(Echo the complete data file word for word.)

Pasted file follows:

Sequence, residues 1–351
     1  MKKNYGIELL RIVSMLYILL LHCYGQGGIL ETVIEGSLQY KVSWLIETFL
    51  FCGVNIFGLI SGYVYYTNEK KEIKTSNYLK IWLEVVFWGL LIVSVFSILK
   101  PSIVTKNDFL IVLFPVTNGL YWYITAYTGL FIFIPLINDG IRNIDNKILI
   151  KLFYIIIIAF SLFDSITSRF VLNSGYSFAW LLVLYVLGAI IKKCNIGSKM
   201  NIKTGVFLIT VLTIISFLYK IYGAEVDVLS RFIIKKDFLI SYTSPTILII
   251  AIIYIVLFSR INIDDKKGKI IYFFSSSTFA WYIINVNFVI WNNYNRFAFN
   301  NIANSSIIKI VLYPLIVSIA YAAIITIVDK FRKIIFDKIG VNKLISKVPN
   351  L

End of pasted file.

Sequence, residues 1–351
     1  MKKNYGIELL RIVSMLYILL LHCYGQGGIL ETVIEGSLQY KVSWLIETFL
    51  FCGVNIFGLI SGYVYYTNEK KEIKTSNYLK IWLEVVFWGL LIVSVFSILK
   101  PSIVTKNDFL IVLFPVTNGL YWYITAYTGL FIFIPLINDG IRNIDNKILI
   151  KLFYIIIIAF SLFDSITSRF VLNSGYSFAW LLVLYVLGAI IKKCNIGSKM
   201  NIKTGVFLIT VLTIISFLYK IYGAEVDVLS RFIIKKDFLI SYTSPTILII
   251  AIIYIVLFSR INIDDKKGKI IYFFSSSTFA WYIINVNFVI WNNYNRFAFN
   301  NIANSSIIKI VLYPLIVSIA YAAIITIVDK FRKIIFDKIG VNKLISKVPN
   351  L